• Dr Debra Kriger Faculty of Kinesiology and Physical Education University of Toronto
  • Prof Bruce Kidd Faculty of Kinesiology and Physical Education University of Toronto
  • Dr Mary Louise Adams School of Kinesiology and Health Studies Queen’s University
  • Dr R. Dawn Comstock Department of Epidemiology Colorado School of Public Health
  • Prof Daryl Higgins Institute of Child Protection Studies Australian Catholic University
  • Dr Ryan Storr School of Health Sciences (Sport Development) Western Sydney University
  • Dr William Bridel Faculty of Kinesiology University of Calgary
  • Dr Christopher PepinNeff School of Social and Political Sciences University of Sydney
  • Dr Yves Rees Department of Archaeology and History La Trobe University
  • Dr Satoko Itani Faculty of Letters Kansai University
  • Associate Professor Daryl Adair UTS Business School University of Technology Sydney
  • Dr Cheryl A. MacDonald Centre for the Study of Sport & Health Saint Mary’s University
  • Dr Joel Anderson Australian Research Centre in Sex, Health and Society La Trobe University
  • Prof Joe Recupero Sport Media, RTA School of Media Ryerson University
  • Dr Pam Kappelides Sport Management La Trobe University
  • Prof Daniel Mann Department of Social Sciences Queensborough Community College, The City University of New York
  • Dr Rachel Allison Department of Sociology Mississippi State University Associate
  • Professor Roslyn Kerr Faculty of Environment, Society and Design Lincoln University, New Zealand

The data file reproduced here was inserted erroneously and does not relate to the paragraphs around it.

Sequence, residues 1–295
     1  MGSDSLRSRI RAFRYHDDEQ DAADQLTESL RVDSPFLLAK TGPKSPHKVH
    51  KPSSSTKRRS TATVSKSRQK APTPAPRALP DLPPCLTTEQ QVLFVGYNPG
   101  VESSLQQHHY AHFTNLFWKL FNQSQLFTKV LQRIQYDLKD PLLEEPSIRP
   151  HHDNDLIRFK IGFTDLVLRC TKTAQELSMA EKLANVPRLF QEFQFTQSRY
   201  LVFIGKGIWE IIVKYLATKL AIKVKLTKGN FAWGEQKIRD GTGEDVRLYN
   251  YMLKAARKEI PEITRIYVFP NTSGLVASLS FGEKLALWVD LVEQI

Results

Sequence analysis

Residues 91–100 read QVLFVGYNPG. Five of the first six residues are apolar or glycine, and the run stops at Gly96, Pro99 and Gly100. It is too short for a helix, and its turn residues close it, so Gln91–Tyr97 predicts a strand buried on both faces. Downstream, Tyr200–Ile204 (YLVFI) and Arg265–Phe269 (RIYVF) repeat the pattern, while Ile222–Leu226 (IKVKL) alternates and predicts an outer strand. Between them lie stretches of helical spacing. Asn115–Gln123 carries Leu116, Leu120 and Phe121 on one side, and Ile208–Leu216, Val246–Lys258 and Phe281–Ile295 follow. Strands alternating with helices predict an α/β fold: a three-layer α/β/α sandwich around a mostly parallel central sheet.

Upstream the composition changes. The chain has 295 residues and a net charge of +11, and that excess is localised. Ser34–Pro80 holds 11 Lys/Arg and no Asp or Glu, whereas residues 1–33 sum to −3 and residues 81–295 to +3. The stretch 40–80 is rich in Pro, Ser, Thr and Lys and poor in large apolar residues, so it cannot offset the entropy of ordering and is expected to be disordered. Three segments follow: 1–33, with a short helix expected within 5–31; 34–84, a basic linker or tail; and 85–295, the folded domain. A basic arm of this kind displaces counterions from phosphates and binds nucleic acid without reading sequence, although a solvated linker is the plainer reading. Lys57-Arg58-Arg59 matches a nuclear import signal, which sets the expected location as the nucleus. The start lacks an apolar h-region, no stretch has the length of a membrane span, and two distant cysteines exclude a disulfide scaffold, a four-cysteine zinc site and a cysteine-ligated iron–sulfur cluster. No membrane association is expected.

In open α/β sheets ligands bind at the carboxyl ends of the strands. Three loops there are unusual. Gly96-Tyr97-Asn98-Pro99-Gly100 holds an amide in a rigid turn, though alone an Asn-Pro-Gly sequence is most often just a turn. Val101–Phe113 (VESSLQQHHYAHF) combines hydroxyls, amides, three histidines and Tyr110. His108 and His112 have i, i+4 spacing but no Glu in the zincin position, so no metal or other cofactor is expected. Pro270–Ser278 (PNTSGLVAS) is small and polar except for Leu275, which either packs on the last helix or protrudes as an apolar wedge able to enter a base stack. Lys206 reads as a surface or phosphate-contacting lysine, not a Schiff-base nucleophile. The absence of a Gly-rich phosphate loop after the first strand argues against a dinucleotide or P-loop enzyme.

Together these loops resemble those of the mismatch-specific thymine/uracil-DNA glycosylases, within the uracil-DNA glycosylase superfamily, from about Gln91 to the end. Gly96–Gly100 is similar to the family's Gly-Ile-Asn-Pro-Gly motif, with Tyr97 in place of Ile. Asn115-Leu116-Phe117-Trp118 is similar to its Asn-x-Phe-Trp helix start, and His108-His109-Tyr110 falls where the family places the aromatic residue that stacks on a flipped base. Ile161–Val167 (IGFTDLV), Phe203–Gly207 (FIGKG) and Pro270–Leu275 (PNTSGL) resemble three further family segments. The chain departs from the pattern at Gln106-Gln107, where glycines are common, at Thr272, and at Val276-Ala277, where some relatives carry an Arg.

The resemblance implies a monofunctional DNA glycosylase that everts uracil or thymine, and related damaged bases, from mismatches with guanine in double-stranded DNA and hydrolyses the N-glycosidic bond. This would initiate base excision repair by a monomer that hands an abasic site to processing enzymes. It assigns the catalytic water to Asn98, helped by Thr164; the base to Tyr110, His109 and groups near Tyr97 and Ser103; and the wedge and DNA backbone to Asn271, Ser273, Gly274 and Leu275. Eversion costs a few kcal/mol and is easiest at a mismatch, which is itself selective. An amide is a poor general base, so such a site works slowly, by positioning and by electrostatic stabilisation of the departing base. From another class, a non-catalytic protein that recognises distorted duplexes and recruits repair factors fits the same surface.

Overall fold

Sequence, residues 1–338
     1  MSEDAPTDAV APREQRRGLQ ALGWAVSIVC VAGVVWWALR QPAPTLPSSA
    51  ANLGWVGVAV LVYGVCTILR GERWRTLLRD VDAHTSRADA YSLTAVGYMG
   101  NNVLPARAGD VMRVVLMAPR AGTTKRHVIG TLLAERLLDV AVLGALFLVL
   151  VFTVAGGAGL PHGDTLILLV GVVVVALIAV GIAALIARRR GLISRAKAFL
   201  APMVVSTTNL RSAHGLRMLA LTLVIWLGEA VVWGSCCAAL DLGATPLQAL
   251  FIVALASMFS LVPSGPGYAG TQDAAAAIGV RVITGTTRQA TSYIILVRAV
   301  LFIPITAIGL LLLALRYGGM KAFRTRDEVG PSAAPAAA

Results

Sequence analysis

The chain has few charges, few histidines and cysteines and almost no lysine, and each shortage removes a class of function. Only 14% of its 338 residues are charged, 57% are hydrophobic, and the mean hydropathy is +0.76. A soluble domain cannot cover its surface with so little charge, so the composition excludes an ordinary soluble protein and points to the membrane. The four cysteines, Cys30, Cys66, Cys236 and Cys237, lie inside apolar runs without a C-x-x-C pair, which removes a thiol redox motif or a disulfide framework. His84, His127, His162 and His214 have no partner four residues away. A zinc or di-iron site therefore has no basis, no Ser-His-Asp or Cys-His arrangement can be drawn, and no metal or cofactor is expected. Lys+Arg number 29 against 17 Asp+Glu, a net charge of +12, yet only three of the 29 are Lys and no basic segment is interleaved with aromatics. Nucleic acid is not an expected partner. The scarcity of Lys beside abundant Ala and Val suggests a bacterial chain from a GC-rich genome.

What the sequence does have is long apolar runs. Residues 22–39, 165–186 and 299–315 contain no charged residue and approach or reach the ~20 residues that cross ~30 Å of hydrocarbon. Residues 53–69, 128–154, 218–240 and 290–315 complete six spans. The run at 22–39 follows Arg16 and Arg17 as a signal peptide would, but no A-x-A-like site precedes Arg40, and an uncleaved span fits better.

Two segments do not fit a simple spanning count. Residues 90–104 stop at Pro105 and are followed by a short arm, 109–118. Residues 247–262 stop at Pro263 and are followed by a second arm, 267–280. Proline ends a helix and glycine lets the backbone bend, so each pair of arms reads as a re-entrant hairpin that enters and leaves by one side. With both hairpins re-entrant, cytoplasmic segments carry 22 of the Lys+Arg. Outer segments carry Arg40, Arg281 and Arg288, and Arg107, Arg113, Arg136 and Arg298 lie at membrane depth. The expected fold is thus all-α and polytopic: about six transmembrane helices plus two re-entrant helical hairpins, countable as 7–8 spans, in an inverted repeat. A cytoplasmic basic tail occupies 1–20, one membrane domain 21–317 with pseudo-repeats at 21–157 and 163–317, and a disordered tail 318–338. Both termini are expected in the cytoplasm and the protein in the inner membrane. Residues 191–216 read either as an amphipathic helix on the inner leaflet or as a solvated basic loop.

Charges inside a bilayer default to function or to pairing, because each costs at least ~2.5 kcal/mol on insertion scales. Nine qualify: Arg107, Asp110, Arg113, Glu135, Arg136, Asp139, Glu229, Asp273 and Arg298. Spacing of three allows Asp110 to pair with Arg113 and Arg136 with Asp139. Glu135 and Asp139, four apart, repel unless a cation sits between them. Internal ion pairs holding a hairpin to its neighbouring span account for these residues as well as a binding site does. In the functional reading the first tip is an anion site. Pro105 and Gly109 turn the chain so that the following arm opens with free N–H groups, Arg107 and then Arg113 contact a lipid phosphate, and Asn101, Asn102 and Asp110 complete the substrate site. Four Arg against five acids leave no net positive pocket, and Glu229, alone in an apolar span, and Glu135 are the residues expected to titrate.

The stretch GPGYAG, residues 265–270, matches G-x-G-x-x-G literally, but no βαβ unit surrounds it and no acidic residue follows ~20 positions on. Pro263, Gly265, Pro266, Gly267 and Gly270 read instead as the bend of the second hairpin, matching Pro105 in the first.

• Dr Danielle Peers Faculty of Kinesiology, Sport, and Recreation University of Alberta
  • Dr Rebecca Olive School of Human Movement & Nutrition Sciences The University of Queensland Associate
  • Professor Ruth Jeanes Faculty of Education (Sport, Exercise, Physical Education) Monash University
  • Dr Kyle Kusz English/Gender & Women’s Studies University of Rhode Island
  • Anna Posbergh Department of Kinesiology University of Maryland
  • Prof Greg Ryan Faculty of Environment, Society & Design Lincoln University, New Zealand
  • Dr Dillon Landi College of Health Professions Towson University (USA)
  • Prof Kathryn Henne School of Regulation and Global Governance Australian National University
  • Dr Lefteris Patlamazoglou Faculty of Education (Psychology and Counselling) Monash University
  • Dr Emma Vickers School of Humanities and Social Sciences Liverpool John Moores University
  • Hon Associate Prof Shirleene Robinson Department of Modern History Macquarie University
  • Dr Victoria Paraschak Department of Kinesiology University of Windsor
  • Eva Bosnjak Faculty of Kinesiology University of Calgary
  • Dr Adam Ali Faculty of Kinesiology and Health Studies University of Toronto
  • Dr Alexa Dodge Department of Political Science Dalhousie University